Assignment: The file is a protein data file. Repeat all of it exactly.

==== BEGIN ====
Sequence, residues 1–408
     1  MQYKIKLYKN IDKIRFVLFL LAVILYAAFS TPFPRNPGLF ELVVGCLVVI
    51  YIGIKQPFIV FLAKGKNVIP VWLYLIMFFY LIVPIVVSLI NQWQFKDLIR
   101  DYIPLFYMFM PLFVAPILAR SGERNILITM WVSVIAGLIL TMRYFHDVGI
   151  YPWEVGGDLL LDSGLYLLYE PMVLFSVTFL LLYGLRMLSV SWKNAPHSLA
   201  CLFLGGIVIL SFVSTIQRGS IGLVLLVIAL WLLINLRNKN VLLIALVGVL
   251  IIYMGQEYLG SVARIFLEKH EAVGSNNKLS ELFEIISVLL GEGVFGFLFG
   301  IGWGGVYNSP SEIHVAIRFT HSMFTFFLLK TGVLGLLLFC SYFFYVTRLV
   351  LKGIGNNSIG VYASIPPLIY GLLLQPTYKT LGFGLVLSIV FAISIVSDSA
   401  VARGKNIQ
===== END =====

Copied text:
Sequence, residues 1–408
     1  MQYKIKLYKN IDKIRFVLFL LAVILYAAFS TPFPRNPGLF ELVVGCLVVI
    51  YIGIKQPFIV FLAKGKNVIP VWLYLIMFFY LIVPIVVSLI NQWQFKDLIR
   101  DYIPLFYMFM PLFVAPILAR SGERNILITM WVSVIAGLIL TMRYFHDVGI
   151  YPWEVGGDLL LDSGLYLLYE PMVLFSVTFL LLYGLRMLSV SWKNAPHSLA
   201  CLFLGGIVIL SFVSTIQRGS IGLVLLVIAL WLLINLRNKN VLLIALVGVL
   251  IIYMGQEYLG SVARIFLEKH EAVGSNNKLS ELFEIISVLL GEGVFGFLFG
   301  IGWGGVYNSP SEIHVAIRFT HSMFTFFLLK TGVLGLLLFC SYFFYVTRLV
   351  LKGIGNNSIG VYASIPPLIY GLLLQPTYKT LGFGLVLSIV FAISIVSDSA
   401  VARGKNIQ